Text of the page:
The Rosette Nebula


The Rosette Nebula

About the Rosette Nebula:
Located in the constellation of Monoceros (the Unicorn), the Rosette nebula is a prominent star formation region, glowing due to ultraviolet light from the young, hot, blue stars in the nebula. Massive stellar winds from these stars are clearing out the center of the nebula, creating the hole. The rich detail and structure in this object make the rosette one of the most photogenic objects in the night sky.

This image is sold as a poster in the catalog of the Astronomical Society of the Pacific, as well as at the Kitt Peak Visitor Center. It was featured as the Astronomy Picture of the Day on January 11th, 2000. It was also featured on the cover of the August 2000 cover of Astronomy magazine and inside the February 2001 issue of Sky & Telescope. It is also on display in the Explore the Universe exhibition in the Smithsonian National Air and Space Museum.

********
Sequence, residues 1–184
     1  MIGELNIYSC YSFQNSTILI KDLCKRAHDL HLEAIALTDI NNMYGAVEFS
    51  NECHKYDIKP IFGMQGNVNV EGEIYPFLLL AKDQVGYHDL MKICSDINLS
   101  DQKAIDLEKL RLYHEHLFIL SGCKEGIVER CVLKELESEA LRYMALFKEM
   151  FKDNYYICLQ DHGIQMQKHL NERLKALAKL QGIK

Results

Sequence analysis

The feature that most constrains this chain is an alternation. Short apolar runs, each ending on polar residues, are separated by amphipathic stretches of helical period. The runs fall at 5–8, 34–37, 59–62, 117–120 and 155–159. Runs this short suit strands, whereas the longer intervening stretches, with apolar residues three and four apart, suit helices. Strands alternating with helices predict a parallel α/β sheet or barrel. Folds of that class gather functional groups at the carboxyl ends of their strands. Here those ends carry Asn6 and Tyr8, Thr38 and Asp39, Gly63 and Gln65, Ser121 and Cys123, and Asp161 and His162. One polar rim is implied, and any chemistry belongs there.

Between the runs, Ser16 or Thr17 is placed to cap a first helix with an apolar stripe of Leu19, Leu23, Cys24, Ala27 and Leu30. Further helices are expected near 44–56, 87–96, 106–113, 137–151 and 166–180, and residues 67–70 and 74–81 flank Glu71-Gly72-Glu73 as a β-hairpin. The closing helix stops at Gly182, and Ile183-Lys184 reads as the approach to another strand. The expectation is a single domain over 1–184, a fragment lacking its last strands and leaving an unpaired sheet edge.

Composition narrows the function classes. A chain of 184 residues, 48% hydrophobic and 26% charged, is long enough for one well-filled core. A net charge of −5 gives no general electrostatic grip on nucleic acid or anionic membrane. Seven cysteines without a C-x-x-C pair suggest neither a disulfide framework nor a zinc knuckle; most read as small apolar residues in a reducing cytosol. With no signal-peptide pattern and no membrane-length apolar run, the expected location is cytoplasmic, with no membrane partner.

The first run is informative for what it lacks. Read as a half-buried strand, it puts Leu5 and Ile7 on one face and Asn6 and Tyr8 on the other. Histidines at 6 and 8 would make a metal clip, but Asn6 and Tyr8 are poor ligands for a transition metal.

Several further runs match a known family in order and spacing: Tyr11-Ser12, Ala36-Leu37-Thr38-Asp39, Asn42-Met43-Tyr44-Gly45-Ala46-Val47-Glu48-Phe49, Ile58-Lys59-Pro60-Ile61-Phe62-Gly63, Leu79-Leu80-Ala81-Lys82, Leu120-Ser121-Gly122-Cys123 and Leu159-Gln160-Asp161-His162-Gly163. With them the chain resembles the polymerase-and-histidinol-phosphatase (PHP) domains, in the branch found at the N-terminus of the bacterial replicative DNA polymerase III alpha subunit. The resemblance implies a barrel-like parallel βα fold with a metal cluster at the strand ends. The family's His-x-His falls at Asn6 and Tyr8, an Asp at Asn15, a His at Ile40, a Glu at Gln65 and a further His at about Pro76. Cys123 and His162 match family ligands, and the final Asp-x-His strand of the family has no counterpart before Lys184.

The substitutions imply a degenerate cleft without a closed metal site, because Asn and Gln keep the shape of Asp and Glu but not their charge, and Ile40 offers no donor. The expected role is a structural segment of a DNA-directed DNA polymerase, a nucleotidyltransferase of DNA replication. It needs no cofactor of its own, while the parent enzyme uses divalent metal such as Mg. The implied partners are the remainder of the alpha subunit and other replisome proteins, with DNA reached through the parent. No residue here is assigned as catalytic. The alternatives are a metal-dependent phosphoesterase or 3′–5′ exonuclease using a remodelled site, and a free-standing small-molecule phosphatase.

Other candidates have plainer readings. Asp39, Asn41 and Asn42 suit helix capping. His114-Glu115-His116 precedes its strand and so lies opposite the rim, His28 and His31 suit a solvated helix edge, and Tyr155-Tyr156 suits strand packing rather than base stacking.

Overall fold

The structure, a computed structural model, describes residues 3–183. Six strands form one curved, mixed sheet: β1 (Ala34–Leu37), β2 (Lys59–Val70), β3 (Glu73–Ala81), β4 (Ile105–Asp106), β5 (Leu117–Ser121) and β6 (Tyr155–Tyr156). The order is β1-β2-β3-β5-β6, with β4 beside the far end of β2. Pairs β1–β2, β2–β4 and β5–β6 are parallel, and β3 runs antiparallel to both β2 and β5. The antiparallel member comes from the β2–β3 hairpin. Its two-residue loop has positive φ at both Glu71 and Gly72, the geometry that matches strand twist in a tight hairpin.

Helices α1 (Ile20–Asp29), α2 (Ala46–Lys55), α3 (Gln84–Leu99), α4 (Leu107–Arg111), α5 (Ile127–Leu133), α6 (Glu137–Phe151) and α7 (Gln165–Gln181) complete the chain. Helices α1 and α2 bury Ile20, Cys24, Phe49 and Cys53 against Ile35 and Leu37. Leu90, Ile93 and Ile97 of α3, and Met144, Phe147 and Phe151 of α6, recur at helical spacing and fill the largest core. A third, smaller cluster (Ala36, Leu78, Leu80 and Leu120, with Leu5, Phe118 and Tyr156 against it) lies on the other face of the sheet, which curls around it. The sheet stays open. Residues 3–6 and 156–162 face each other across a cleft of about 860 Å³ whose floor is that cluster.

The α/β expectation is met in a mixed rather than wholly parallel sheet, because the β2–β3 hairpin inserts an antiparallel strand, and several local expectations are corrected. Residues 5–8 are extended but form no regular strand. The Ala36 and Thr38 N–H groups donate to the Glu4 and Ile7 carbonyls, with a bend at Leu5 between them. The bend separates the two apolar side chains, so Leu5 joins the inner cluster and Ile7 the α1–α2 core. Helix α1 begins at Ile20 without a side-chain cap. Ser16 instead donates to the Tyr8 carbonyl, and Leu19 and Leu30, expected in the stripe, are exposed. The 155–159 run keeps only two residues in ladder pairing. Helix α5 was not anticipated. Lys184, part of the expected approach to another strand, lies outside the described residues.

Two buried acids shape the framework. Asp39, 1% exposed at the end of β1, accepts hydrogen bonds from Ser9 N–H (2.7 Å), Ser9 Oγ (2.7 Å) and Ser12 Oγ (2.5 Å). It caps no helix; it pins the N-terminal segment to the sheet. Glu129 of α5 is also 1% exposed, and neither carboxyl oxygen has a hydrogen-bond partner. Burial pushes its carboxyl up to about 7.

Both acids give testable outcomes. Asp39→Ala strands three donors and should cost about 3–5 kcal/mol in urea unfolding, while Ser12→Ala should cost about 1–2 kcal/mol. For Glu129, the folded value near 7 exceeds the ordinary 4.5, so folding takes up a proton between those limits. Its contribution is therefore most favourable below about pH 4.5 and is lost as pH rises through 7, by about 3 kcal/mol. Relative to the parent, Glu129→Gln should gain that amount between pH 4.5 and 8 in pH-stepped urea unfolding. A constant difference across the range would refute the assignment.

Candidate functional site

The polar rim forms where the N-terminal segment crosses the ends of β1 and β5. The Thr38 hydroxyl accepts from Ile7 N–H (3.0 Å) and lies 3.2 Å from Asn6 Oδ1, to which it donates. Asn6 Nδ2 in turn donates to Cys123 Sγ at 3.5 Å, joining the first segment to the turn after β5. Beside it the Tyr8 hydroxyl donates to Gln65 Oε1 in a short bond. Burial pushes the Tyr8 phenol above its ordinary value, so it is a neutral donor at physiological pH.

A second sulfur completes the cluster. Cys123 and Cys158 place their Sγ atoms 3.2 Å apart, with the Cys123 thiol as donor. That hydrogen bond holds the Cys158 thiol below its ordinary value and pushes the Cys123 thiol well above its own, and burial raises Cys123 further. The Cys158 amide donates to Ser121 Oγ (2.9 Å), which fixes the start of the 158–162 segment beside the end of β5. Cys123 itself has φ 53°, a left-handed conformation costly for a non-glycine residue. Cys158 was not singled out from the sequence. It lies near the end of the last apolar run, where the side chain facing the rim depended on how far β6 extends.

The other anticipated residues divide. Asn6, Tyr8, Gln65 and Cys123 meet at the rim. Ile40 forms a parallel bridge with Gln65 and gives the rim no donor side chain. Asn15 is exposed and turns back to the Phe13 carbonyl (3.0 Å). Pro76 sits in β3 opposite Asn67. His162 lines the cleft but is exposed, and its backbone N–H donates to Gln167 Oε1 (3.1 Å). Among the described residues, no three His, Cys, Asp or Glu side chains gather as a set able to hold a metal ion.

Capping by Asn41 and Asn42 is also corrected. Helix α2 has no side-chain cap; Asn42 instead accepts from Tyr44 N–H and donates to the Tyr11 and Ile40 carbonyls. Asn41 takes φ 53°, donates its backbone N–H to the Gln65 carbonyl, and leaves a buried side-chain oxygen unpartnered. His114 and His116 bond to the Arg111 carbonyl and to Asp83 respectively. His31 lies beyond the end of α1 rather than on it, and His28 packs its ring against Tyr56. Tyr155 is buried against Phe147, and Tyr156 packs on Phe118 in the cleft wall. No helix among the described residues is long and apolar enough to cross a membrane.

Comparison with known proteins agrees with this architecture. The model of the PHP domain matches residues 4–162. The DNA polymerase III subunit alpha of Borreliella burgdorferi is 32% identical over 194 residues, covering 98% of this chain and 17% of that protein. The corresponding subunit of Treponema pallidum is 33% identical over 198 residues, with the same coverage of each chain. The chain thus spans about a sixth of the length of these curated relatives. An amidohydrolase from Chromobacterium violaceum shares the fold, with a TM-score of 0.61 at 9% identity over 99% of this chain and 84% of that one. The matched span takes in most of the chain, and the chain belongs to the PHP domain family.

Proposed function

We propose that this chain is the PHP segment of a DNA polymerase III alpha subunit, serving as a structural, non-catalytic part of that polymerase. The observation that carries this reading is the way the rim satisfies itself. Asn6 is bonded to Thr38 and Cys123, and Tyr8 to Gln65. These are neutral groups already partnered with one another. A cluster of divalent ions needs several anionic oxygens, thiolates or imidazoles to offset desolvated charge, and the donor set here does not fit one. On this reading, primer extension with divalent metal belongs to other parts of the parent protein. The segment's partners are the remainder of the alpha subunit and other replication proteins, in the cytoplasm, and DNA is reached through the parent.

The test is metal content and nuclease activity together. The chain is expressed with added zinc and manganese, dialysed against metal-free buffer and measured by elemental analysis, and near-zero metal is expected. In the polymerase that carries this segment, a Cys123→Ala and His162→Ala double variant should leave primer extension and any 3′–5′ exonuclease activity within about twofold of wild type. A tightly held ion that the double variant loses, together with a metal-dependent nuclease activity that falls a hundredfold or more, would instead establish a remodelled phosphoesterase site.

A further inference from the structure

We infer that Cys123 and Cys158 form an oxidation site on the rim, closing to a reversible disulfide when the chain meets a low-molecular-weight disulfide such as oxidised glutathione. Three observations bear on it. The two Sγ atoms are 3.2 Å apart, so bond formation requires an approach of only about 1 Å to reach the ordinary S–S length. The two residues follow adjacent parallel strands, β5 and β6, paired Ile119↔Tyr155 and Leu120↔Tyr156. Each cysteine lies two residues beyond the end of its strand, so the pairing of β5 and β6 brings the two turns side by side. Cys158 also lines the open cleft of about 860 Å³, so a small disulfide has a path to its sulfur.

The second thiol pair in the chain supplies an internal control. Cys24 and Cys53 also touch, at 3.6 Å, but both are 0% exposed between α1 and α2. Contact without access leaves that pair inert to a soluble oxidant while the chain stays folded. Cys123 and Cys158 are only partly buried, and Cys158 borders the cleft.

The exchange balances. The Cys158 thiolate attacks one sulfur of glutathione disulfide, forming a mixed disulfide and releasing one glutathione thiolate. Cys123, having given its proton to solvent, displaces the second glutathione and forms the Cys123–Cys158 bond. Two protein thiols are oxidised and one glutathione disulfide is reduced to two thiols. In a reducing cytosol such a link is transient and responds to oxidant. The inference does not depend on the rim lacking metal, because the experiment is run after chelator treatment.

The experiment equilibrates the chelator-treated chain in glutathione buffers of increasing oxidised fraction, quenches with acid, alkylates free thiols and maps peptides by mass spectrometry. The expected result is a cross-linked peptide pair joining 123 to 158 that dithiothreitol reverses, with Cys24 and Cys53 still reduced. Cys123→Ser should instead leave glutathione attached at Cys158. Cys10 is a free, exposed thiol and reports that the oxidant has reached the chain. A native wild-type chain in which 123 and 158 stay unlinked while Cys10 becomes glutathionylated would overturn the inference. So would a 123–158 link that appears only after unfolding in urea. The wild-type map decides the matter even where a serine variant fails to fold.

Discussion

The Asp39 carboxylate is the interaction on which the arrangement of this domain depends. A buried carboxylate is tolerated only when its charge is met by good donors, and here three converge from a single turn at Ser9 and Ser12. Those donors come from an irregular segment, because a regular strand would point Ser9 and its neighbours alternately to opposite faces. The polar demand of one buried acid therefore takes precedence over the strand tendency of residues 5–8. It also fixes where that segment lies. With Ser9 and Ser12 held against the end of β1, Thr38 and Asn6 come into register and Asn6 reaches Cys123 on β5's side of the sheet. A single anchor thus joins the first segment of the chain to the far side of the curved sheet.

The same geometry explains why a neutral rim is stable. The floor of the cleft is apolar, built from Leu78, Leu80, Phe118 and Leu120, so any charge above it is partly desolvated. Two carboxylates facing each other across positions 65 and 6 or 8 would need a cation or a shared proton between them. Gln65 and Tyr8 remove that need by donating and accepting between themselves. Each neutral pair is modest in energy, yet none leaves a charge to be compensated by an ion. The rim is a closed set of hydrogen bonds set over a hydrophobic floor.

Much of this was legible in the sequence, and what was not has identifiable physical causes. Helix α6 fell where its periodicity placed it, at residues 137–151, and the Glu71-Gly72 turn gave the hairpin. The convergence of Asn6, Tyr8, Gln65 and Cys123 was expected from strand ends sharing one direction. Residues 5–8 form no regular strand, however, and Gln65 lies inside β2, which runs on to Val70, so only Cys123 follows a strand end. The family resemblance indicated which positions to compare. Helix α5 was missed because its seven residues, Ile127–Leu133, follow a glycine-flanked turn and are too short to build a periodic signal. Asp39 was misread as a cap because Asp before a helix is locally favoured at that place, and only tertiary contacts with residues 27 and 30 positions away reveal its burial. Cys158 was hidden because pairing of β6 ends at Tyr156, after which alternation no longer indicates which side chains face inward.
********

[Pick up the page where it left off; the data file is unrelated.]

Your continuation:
It is also on the cover of a few astronomy calendars, including the 2002 Astronomy magazine calendar. Observed by the Chandra telescope, this image shows a nice overlay of X-ray sources in the Rosette (Credit: X-ray: NASA/CXC/Penn State/L.Townsley et al.) My Rosette has also appeared in some rather unusual places (Credit: Jim Klemaszewski, Arizona State University).

About the Image:


The National Science Foundation's 0.9-meter telescope at Kitt Peak National Observatory




T.A. Rector, B.A. Wolpa & M. Hanna (NOAO/AURA/NSF)

Date of Observation:

March 3rd, 1999

Filters and Assigned Colors:

Hydrogen-alpha (red), Oxygen [OIII] (green) and Sulfur [SII] (blue)

Exposure Times:

50 minutes in each filter

Center of Image:

RA: 06:32:18,  Dec: +5:03:00 (J2000)

Field of View:

59 x 59 arcminutes


North is up and East is to the left

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